So things got a bit heated between Ed Balls and George Osborne in the House of Commons yesterday. Well, when I say “a bit heated”, I mean only insofar as things ever get “a bit heated” in there. This is of course very different from things being “heated” in real life. For instance, whenever I have a genuine, heartfelt argument about things that can make or break other people’s lives, it’s all a bit stressful and sad. I don’t have an army of jovial ex-public schoolboys sitting, arms crossed, behind me, guffawing excessively at my latest clever riposte. But perhaps that’s because when I get het up about such things, whatever I say or do has no influence whatsoever anyhow. And besides, we can’t blame Osborne or Balls for acting like tactless, self-satisfied tossers. It’s not their fault; they’re at the mercy of their hormones.
That’s always been the trouble with men. They just can’t control themselves. If they’re not thinking about sex every seven seconds, they’re destroying the world economy due to crazy testosterone-fueled recklessness. You can’t ever rely on a man to behave rationally when he’s a mere puppet being manipulated by the Great God Testosterone. What’s a woman to do?
Well, a woman’s not to step in to run the country herself, that’s for sure. For while the men might be behaving like hormone-crazed fuckwits, the women are, it has to be said, even worse. Two days ago the Daily Mail published an article about women with PMS under the deeply sympathetic title “Men were right all along. Our hormones DO make us women irrational” (I kid you not. Click on the link, I dare you – although it’ll make you irrational with rage). The piece is helpfully illustrated by a photograph of a woman in power heels holding a rolling pin, presumably because she’s about to smash something (I know the feeling. I’d want to smash something if I’d spent the whole day in heels that agonising). It’s probably no coincidence that she looks like a “career woman”. Being a career woman probably makes hormones all the worse.
Now I’m not a stranger to PMS myself. I mean, I’ve never had it formally diagnosed, and never even noticed it myself. But I once had a comment on this blog accusing me of having it. It also accused me of having no sense of humour. Both of these things – humourlesness and PMS – are well-documented side-effects of feminism, so yeah, I struggle.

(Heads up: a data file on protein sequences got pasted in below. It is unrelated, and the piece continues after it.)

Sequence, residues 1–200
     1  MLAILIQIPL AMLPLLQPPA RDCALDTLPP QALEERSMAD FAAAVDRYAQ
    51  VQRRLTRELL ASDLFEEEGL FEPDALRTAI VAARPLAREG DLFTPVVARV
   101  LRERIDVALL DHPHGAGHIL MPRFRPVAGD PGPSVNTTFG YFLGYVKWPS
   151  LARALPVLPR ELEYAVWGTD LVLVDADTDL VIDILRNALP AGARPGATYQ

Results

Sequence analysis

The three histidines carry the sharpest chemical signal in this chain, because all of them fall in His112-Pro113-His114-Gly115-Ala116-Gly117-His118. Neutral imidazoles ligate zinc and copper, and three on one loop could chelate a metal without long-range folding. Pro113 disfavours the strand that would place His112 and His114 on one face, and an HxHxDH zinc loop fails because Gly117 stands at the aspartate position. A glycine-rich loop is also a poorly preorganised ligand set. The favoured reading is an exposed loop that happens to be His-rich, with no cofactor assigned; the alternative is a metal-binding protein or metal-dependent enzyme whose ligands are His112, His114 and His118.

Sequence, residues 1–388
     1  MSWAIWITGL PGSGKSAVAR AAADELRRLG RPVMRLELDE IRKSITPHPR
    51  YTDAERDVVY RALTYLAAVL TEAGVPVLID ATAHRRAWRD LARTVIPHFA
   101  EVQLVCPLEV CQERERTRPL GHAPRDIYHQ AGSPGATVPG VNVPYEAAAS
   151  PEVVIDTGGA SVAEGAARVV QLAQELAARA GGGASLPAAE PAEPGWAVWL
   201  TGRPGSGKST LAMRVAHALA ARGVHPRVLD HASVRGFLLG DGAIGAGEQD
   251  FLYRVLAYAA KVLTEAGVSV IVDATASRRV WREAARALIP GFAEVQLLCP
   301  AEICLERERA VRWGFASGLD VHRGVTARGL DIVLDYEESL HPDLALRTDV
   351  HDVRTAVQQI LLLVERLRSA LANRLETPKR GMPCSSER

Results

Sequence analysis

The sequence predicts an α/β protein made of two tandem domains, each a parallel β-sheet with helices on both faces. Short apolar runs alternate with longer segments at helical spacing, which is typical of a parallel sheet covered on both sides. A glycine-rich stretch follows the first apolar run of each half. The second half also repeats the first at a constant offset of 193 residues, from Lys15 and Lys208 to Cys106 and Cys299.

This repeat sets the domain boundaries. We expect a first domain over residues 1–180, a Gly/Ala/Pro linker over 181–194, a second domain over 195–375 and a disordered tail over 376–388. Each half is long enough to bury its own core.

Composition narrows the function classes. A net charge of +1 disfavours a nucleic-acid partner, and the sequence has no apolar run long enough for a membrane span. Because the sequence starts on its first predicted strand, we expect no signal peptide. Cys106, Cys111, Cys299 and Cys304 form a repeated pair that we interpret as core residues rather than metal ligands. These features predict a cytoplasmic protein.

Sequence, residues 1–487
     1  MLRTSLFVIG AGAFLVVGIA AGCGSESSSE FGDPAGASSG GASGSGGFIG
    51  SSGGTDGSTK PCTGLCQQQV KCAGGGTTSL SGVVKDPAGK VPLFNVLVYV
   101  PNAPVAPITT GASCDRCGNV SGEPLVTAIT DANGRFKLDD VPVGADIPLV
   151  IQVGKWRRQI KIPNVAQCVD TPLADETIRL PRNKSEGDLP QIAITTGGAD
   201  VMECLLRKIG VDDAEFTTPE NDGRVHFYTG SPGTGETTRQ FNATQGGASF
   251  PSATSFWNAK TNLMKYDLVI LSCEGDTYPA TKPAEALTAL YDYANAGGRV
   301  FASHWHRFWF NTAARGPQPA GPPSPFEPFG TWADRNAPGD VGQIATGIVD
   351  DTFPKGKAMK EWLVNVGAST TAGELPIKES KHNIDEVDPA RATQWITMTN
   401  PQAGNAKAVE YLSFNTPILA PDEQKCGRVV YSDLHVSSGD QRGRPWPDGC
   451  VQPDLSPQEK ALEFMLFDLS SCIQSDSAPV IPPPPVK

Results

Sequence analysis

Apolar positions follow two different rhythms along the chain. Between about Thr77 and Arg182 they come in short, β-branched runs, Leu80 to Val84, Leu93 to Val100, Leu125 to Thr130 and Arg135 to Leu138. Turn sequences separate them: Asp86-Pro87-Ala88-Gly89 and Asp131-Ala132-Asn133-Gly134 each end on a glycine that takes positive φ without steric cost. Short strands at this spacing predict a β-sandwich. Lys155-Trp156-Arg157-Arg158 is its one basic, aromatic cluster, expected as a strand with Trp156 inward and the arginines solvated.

And it’s not as if getting pregnant and hence having a break from monthly cycles can even get you out of it. Over at the Guardian, we’re hearing of the case of a woman who took her finals 28 hours after giving birth. Helpfully, we are told that “experts are still divided on what having a baby does to your brain”. But I can tell you what it does for free: it turns you from hormone-crazed rolling-pin wielder to porridge-brained moron, and it starts from the moment you conceive.
The first time I was pregnant I remember reading a “jokey” column in Pregnancy and Birth telling me that one of the benefits of being pregnant was that “you no longer have to pretend to understand Newsnight”. This was in 2006 – I can’t remember the precise month, because I threw the magazine away, no doubt in a fit of irrational hormone-driven fury. Then in 2009, a week before I gave birth to my second child, I submitted the final manuscript of an academic monograph for publication. Obviously this was a major mistake. It was accepted onto a pretty prestigious list, but still, it’s only really read by people who are interested in one small area of a very small field. If it hadn’t been for the hormones making me thick, perhaps it would have set the world on fire. It might have been the new Fifty Shades of Grey (with grammar! and big words! but, alas, no sex). Women in playgrounds the world over would be whispering to each other right now “hey, have you read the “German literature” book yet?”
Anyhow, no point dwelling on the past. It’s time to look to the future. And given that testosterone-addled men and PMS-ridden / porridge-brained women are both entirely incapable of deciding what should happen next, we need to ask ourselves who can. Well, I’ve got an answer: post-menopausal women. They’re the only ones – the only ones – capable of rising to the challenge. I don’t mean women going through the menopause; as the Daily Mail makes clear, these women are also total fucking loons. I mean women who are beyond it and all serene. Admittedly these are precisely the women of a certain age who become invisible and get ousted from public life, but hey, we can still reverse this trend, and we need to. Because it’s with these very women that our salvation may lie.
It’s not like we don’t have any older-woman role models to begin with. We have Helen Mirren. And there’s Twiggy. And there’s also Joanna Lumley. Which is, you know, okay. It doesn’t suggest there are many opportunities for older women who are not tall, blonde, thin and with good bone structure, but hey, it’s a start. And speaking as a short brown-haired minger facing a total abyss by the time I’m over 60, I’d still support them if they’re willing to have a go at setting things right. God knows, when you look at the House of Commons today, we really can’t do any worse.